He has spoken too of the unbreakable bonds and friendships that formed and endured in the face of that adversity.

But above everything else, he has told us of how blessed they were to have had the shining example of two wonderful parents, Bob and Alma, and the joy of having Christ at the centre of their lives to shine His light upon them and guide them on their path.

Bob McAllister with son David (right)

That faith, he says, is needed now more than ever at this time of global emergency, with coronavirus claiming hundreds of thousands of lives and Tearfund working to do all it can where needed most.

David very kindly shared with Armagh I his cherished memories of his family life growing up and his hopes for the future, as he aims to continue this work.

He recalls: “I was born and grew up in the jungles of Congo. Playing with my Congolese friends in this wonderful jungle was an amazing adventure every single day.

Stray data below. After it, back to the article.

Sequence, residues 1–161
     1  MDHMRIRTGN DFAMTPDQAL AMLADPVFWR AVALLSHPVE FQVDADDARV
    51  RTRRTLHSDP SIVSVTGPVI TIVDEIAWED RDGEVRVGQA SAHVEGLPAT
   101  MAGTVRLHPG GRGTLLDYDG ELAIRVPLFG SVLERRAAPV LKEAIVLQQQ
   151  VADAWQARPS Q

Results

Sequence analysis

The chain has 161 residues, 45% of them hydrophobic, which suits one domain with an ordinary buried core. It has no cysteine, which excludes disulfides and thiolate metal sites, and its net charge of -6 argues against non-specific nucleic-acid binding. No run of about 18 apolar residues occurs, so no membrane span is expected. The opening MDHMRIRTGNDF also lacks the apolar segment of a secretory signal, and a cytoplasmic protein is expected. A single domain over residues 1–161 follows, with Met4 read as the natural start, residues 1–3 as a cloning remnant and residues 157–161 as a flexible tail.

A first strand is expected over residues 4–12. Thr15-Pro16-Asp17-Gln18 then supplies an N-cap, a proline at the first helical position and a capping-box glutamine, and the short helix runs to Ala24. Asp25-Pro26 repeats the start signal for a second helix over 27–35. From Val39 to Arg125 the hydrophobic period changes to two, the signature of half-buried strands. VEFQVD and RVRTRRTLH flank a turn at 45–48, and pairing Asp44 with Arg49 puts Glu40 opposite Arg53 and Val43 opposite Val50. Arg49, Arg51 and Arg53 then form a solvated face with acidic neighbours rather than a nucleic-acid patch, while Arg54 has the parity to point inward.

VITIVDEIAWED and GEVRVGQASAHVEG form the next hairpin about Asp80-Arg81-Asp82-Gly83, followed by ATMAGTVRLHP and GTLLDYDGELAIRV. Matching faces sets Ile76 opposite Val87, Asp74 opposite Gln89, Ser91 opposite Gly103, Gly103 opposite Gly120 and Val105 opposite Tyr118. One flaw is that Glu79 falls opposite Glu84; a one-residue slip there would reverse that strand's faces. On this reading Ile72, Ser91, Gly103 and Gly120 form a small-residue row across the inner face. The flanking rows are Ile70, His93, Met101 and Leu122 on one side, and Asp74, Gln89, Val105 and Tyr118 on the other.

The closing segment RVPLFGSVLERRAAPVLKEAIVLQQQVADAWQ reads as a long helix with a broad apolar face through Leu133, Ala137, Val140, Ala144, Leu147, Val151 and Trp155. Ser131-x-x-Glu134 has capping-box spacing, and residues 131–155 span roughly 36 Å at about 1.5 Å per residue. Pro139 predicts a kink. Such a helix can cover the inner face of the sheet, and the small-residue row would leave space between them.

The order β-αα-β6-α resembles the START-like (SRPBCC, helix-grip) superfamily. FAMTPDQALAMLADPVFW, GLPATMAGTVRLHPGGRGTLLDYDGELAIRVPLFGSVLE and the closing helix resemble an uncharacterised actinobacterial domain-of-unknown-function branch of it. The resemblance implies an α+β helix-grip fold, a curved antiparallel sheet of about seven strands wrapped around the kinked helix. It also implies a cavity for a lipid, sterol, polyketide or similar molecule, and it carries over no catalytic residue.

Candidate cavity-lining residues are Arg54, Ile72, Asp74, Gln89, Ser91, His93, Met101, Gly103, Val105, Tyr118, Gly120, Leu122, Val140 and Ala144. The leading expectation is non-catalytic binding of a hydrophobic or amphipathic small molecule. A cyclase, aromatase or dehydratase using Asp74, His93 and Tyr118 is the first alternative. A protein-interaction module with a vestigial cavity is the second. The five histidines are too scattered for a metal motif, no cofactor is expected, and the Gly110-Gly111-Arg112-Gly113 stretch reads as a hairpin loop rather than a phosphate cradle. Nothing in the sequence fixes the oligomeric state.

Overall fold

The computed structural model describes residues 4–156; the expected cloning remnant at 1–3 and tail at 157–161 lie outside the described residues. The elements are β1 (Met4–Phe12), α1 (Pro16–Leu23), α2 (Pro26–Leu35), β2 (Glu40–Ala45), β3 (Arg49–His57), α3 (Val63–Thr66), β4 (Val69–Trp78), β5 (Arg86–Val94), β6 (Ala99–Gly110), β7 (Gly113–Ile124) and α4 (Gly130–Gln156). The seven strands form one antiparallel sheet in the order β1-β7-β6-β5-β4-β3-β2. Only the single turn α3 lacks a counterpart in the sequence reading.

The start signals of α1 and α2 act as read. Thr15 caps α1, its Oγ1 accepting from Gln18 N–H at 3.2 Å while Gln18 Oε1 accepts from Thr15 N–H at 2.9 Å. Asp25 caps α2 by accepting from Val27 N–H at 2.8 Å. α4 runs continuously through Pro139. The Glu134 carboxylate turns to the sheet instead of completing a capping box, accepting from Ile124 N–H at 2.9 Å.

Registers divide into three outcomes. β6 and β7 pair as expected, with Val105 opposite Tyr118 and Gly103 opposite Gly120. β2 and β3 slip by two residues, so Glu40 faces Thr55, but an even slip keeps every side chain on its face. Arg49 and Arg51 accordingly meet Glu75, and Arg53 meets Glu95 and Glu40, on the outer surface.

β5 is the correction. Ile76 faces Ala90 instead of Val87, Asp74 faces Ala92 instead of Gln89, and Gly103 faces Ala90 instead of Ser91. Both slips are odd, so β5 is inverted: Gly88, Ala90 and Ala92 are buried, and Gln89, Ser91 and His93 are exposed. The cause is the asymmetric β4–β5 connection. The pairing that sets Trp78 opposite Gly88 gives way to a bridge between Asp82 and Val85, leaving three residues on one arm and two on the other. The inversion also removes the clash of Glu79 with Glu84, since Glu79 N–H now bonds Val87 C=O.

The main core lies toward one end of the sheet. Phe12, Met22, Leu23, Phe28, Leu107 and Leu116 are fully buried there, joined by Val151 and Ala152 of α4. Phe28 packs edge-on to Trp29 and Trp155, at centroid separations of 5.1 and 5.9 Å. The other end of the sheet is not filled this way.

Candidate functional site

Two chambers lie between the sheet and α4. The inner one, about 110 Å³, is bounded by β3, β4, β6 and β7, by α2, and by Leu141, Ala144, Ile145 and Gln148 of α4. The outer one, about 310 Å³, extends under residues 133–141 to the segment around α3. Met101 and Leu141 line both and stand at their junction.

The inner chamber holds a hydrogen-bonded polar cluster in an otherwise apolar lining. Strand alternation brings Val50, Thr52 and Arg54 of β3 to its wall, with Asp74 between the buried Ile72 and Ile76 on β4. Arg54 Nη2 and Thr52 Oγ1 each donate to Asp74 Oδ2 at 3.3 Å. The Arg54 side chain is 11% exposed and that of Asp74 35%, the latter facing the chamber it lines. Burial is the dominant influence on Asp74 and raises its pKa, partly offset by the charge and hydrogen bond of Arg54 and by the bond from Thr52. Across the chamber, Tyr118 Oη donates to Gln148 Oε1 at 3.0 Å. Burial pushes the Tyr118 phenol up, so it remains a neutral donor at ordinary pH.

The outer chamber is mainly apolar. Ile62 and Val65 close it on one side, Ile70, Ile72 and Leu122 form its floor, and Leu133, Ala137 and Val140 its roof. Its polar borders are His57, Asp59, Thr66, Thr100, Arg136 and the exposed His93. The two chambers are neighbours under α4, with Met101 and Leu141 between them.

“Even simple childhood games like hide and seek were different. I remember one time, I was dutifully counting with my wee eyes closed firmly shut as my friends went to hide.

“Following my announcement of, ‘Coming, ready or not’, after I’d reached the magic number, I opened my eyes to begin my search and was surprised to see a very large and big old daddy Chimpanzee five metres away from me – he was looking at me, wondering what this little human child was up to!

“To be honest, I have been wondering the same about myself for 65 years…My childhood was quite simply immense and filled with happiness, excitement and joy in my forest home village.

“That is, until the day I was told I must leave – and leave very quickly to go back home to safety. Home? Safety? The adults used a word called evacuation and that was a big word for a wee boy of six. Apparently it’s what one does in order to find ‘home and safety’, even though I thought I was already home and safe.

David McAllister in the Congo

“A few years later, when I was 10, I remember being taken hostage by some very bad men who shouted a lot and beat us and even killed some of us. And as a wee boy, seeing – day after day – the terrible violence and hatred people can do to other people disturbed me greatly.